Golden-eyed Gracie is a lovely little black kitty with a white diamond on her chest and a purr that serenades you like your favorite song.

Life hasn’t always been easy for 10-year-old Gracie - she came to the shelter in critical condition and showed signs of being in kidney failure Recently, however, she has been getting a spring in her step, and with that extra pep, her loving and snuggly side has returned in abundance.

The staff at the SPCA of Hancock County are currently having her re-evaluated by a vet to see if the diagnosis remains the same; as is, we are happy to consider either adopters or “fospice” (foster “hospice” homes) for this cuddly girl.

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Gracie, SPCA of Hancock County

 

Gracie loves laps and snuggles and would be fine with older, respectful children. She likes other cats, and would likely be fine with a dog that mostly ignores her. We all hope this sweetie can rest up and warm someone’s lap during the coming cold weather.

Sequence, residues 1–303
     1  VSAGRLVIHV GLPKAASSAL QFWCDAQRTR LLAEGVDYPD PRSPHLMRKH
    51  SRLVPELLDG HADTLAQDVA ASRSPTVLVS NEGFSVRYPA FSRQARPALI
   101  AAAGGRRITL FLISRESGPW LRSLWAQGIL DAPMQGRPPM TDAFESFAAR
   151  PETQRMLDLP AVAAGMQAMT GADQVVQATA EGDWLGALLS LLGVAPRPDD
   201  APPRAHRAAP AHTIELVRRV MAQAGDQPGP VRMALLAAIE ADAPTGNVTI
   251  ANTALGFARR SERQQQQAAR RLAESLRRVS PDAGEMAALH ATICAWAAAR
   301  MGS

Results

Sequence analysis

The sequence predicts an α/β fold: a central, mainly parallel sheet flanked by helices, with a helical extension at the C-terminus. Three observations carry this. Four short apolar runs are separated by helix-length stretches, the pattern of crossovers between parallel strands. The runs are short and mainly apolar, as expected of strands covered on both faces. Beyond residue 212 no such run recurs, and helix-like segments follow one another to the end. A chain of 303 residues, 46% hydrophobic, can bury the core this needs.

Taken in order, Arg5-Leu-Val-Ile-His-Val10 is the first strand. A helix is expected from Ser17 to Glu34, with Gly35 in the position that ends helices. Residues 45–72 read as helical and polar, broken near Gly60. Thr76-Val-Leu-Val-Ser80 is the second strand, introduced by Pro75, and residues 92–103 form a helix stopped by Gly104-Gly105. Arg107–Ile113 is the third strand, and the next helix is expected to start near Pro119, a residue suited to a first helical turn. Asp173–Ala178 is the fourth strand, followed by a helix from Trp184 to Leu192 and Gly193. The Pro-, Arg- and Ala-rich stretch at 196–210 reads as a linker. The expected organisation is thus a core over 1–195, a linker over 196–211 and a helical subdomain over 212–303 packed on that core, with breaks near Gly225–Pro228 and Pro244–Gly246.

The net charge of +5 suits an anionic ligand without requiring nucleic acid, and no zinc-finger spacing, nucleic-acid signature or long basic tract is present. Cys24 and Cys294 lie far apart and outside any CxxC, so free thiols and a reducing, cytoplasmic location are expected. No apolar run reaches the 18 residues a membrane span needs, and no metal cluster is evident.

Make an appointment to meet sweet and loving Gracie!  Then, take her home as a new forever friend.

The SPCA of Hancock County serves EllsworthMount Desert Island and beyond, and is still operating by appointment only for the safety of the animals, as well as visitors and staff. If you are looking to adopt, please check their website where they have an adoption application and the available animals listed. For general inquiries, please call them at 207-667-8088, email info@spcahancockcounty.org, or send them a Facebook message. The shelter is located on Route 3 in Trenton.

The General Stores Of Downeast Maine

These are the long-time general stores that are spread throughout downeast Maine. The stores that your grandparents picked up milk, beer, and that night's dinner at. For years they had been filled with things like fly paper, clothes, beef jerky, and that morning's newspaper. Now, you stop by for that slice of breakfast pizza, a tasty fried chicken sandwich for lunch, gas,and a handful of lottery tickets.


They're an important part of Maine's heritage, and their numbers are starting to dwindle. But we still frequent them to pick up the day's necessities and to keep up on town gossip.


They may not be owned by the original owners, and they may not look the same as they did years and years ago. But that same hometown feeling is there, the minute you set foot on their wooden floors. More than likely the same wooden floors that your grandparents set foot on.